|The United States has long been at the forefront of promoting the conservation of tigers. There is concern about reports that China may soon lift its domestic ban on trade in tigers and tiger parts. At the upcoming conference, the U.S. will strongly encourage China to retain its domestic ban and will discuss ways of improving cooperative law enforcement efforts with India and other range countries.|
WASHINGTON, D.C. -- The United States will continue to support strong conservation measures and international trade protections for tigers, elephants and whales at the upcoming 14th Conference of the Parties to the Convention on International Trade in Endangered Species of Wild Fauna and Flora (CITES) in The Hague, Netherlands, June 3 to 15.
Meanwhile, the United States is proposing new restrictions on international trade in sawfish and pink and red coral, while asking the conference to lift trade restrictions on bobcat, a species that is abundant throughout its range, said Deputy Assistant Secretary of the Interior Todd Willens, the head of the U.S. delegation.
The United States will also work closely with European nations to determine if two shark species – the spiny dogfish and the porbeagle – require CITES protection. The U.S. delegation also will hold consultations with range countries and other nations before deciding whether to support proposals to list several Central and South American timber species.
CITES is an international agreement signed by 171 nations that is designed to control and regulate global trade in certain wild animals and plants that are or may become threatened with extinction due to commercial trade.
“CITES has proven to be a powerful tool to prevent the extinction of species such as tigers, elephants and whales and we intend to work with other countries to support the continued protection and conservation of these species,” Willens said.
The United States will publish its tentative negotiating positions for the conference in the Federal Register before the start of the conference. However, as often has been the case in the past, the United States has not yet taken final positions on many proposals on the agenda because of the desire to hold discussions with and work with range states and other parties during the conference.
“As the top importer of wildlife, plants, and their products, the United States has both a significant stake and a significant role in decisions made under CITES,” Willens said. “In the past, we have played an important role in bringing countries to the table to develop proposals that protect species while promoting conservation in range countries. We intend to continue that tradition at the upcoming Conference of the Parties.”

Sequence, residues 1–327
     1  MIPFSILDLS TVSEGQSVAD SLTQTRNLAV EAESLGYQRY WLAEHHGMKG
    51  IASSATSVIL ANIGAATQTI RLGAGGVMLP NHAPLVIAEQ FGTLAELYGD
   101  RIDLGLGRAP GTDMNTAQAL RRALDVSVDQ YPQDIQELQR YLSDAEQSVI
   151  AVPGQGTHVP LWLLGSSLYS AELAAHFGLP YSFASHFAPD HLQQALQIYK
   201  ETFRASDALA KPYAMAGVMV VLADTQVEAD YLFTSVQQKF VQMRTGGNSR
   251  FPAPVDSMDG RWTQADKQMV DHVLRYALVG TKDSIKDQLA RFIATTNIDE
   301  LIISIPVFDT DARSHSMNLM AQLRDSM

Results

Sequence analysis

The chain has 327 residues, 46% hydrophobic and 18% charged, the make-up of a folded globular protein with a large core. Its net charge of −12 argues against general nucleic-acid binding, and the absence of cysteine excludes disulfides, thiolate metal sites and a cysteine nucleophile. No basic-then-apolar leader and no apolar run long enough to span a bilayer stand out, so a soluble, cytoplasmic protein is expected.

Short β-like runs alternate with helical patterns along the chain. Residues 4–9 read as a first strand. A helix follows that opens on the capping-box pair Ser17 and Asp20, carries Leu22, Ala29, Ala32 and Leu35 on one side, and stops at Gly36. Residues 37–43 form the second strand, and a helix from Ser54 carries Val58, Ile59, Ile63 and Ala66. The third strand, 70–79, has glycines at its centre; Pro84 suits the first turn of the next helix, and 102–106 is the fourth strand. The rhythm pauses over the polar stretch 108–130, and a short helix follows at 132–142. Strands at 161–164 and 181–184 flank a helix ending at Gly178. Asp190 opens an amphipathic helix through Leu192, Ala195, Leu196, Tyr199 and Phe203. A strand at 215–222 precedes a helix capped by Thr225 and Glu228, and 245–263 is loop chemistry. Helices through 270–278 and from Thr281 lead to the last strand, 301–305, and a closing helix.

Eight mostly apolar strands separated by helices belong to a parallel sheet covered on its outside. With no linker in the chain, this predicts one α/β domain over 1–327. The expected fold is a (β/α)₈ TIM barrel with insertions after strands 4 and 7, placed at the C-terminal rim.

A CITES-regulated species may be included in one of three appendices to the Convention:
- Appendix I includes species for which it is determined that any commercial trade is detrimental to the survival of the species. Therefore, no commercial trade is allowed in Appendix-I species. Non-commercial trade in such species is allowed if it does not jeopardize the species' survival in the wild. Permits are required for the exportation and importation of Appendix-I species.
- Appendix II includes species for which it has been determined that commercial trade may be detrimental to the survival of the species if that trade is not strictly controlled. Trade in these species is regulated through the use of export permits.
- Appendix III includes species listed by a range country that requires the assistance of other parties to ensure that exports of their native species are legal. Permits are used to control and monitor trade in native species. Any CITES Party may place a native species in Appendix III.
Any listing of a species in either Appendix I or II requires approval by two-thirds of the CITES party countries that vote on the proposal.
Major issues and resolutions to be discussed at the upcoming conference include:
Tigers: The United States has long been at the forefront of promoting the conservation of tigers. There are no listing proposals related to tigers on the agenda at the conference, but there will be a discussion of the problem of illegal trade in tigers and other Asian wild cats. The United States is concerned about reports that China may soon lift its domestic ban on trade in tigers and tiger parts. This would promote the spread of tiger farms, which the United States believes would provide a cover for trade in illegally poached tigers. At the upcoming conference, the United States will strongly encourage China to retain its domestic ban and will discuss ways of improving cooperative law enforcement efforts with India and other range countries.
Elephants: Botswana, Namibia, Zimbabwe and South Africa are included in a proposal to establish annual quotas for export of raw ivory from elephants that have died of natural causes or have been culled as part of managing herds. The funds raised by these sales would be used to support elephant conservation. In addition, even if the proposal for all four countries is not approved, Botswana is asking for permission for annual sales of up to eight tons of ivory per year, plus sale of hides, leather goods, and live elephants for commercial purposes.